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Locus Magazine's monthly

1998 cumulative:

sf novels

f/h novels

first novels






Complete Locus reviews are available in
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These lists are compiled from the monthly editorial selections of new and recommended books in Locus Magazine. The separate monthly lists are available here:

Feb | Mar | Apr | May | Jun | Jul | Aug | Sep | Oct | Nov | Dec

1998 SF Novels

Starfarers, Poul Anderson (Tor 10/98) Relativistically realistic space flight adds vast distances of time and space to this visionary account of a mission to find the source of alien signals thousands of light-years away and return to a much-changed Earth.

Flanders, Patricia Anthony (Ace 5/98, $23.95, hc) Anthony's interest in history dominates almost completely over genre elements in this intense epistolary novel of a soldier with visionary dreams fighting in the trenches in WWI.

In the Garden of Iden, Kage Baker (Harcourt Brace 2/98, $23.00, hc) A time-traveling immortal 24th-century cyborg, born in the 16th century, finds life and love in Tudor England.

Earth Made of Glass, John Barnes (Tor 4/98, $23.95, hc) SF novel, sequel to A Million Open Doors, an intelligent blend of far-future cultures and dark human drama.

White Light, William Barton & Michael Capobianco (Avon Eos 9/98) A complex and intense exploration of human nature that goes beyond the normal limits of time and space. Two families escape a dying Earth and discover that aliens have created something maybe God that appears to be destroying the universe.

Moonseed, Stephen Baxter (HarperPrism 10/98) A planet-eating threat from outer space chews up the scenery in more ways than one in this spectacular technothriller of disaster and moon colonization.

Dinosaur Summer, Greg Bear (Warner Books 2/98, $23.00, hc) Alternate-history/YA adventure novel of a boy and his father chronicling a 1947 expedition to return dinosaurs to the Lost World, in a quasi-sequel to the novel by Sir Arthur Conan Doyle.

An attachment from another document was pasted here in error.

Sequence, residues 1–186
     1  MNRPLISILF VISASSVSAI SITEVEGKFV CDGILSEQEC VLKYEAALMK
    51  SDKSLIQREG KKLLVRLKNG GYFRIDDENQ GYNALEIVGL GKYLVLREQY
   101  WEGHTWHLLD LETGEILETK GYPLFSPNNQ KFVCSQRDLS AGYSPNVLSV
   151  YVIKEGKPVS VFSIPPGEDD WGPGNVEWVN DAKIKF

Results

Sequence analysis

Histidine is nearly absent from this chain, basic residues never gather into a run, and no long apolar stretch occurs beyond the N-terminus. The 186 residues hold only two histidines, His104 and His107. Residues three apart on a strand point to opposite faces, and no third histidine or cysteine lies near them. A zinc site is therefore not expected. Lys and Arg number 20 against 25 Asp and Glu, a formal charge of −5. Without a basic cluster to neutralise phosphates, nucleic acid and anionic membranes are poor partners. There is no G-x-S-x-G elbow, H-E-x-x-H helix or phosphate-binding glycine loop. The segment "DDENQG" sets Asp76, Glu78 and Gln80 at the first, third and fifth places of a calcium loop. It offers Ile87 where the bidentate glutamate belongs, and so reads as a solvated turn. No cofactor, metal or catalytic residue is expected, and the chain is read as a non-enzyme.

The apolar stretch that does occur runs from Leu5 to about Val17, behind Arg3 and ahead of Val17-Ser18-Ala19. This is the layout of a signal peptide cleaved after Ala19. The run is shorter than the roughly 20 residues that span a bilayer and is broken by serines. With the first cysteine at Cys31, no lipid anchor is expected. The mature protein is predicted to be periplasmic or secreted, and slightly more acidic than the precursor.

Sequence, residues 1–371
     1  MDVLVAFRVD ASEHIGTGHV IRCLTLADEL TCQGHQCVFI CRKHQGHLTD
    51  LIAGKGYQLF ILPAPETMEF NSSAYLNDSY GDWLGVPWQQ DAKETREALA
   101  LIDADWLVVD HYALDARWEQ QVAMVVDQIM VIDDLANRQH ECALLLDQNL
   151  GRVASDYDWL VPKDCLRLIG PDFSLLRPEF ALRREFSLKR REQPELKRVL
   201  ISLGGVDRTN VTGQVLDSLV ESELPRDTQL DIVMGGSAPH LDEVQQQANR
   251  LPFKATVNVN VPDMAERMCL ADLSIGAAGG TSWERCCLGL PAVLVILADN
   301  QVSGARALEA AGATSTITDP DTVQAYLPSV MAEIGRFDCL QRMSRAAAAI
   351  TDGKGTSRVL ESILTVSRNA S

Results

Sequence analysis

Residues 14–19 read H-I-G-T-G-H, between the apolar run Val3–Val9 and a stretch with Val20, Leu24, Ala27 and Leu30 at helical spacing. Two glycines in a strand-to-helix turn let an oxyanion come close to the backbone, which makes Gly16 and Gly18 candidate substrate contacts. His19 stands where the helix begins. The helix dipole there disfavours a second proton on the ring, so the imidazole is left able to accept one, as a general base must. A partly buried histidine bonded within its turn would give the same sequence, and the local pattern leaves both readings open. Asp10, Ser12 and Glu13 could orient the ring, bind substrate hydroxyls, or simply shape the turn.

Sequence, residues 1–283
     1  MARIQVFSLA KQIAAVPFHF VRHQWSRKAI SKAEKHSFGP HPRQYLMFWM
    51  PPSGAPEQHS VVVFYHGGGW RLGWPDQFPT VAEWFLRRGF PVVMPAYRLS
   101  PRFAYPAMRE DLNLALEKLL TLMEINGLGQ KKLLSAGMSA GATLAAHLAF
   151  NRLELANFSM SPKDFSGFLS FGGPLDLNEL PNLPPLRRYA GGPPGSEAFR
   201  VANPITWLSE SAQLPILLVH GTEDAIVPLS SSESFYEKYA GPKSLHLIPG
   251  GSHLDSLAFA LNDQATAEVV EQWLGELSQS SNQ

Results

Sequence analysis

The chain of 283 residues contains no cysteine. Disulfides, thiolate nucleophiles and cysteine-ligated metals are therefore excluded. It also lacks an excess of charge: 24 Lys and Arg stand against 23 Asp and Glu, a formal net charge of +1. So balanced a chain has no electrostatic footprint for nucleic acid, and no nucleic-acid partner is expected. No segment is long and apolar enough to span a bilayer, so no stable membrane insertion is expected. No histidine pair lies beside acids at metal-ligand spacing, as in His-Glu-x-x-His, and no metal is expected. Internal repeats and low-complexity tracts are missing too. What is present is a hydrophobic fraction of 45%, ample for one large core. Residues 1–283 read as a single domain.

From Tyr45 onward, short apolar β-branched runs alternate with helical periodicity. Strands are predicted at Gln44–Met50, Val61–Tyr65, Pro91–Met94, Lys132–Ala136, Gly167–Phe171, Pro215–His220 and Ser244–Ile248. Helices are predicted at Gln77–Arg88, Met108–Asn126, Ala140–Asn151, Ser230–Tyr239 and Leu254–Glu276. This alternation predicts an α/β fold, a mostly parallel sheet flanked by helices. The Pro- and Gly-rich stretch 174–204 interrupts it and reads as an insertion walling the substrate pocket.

Foundation and Chaos, Greg Bear (HarperPrism 3/98, $24.00, hc) This second book in the ''Second Foundation'' trilogy by Benford, Bear, and Brin, based on the Asimov works, is a well-told tale with strong characters, mingling the Asimovian pattern with Bear's own take on SF.

Cosm, Gregory Benford (Avon Eos 2/98, $23.00, hc) Near-future thriller and novel of academic politics dealing with an extraordinary artifact.

Mir, Alexander Besher (Simon & Schuster 7/98) Near-future virtual reality novel and metaphysical thriller, sequel to Rim. An investigator tracks a sentient computer virus that spreads through tattooed ''epidermal programs,'' causing chaos in the hacker underworld.

Psychoshop, Alfred Bester & Roger Zelazny (Random House/Vintage 7/98) Begun by Bester, finished after his death by Zelazny, this posthumous collaboration by two groundbreaking authors is a wonderfully skewed tale of a mysterious shop where customers can trade for anything.

Komarr, Lois McMaster Bujold (Baen 6/98, $22.00, hc) In this latest ''Miles Vorkosigan'' adventure, sequel to Memory, Miles travels to Komarr in his new job as Imperial Auditor, looking for a conspiracy, and finding romance.

Parable of the Talents, Octavia E. Butler (Seven Stories 10/98) The Earthseed philosophy/religion of man's destiny in space gains momentum even as ultra right-wing forces bring new nightmares to the world in this powerful sequel to Parable of the Sower.

Tea from an Empty Cup, Pat Cadigan (Tor 9/98) Sharp-edged cyber-SF with virtual post-apocalyptic environments gives a dark edge to this near-future thriller about a woman and a cop investigating deaths in Artificial Reality.

Cythera, Richard Calder (St. Martin's 8/98) Virtual beings downloaded into holograms walk the streets as ghosts, and want to alter reality to suit their needs. A vivid portrayal of a strikingly glitzy and gritty near-future world, where reality is getting harder to define.

Circuit of Heaven, Dennis Danvers (Avon Eos 2/98, $14.00, hc) SF novel of life and love in a virtual-reality cyber-utopia and a depopulated Earth.

Ciphers, Paul Di Filippo (Cambrian Publications 2/98, $16.95, tp) This secret history of the '60s, described as a ''post-Shannon Rock-n-Roll Mystery'' written in a slice-and-splice style, is prime Di Filippo, which can mean anything.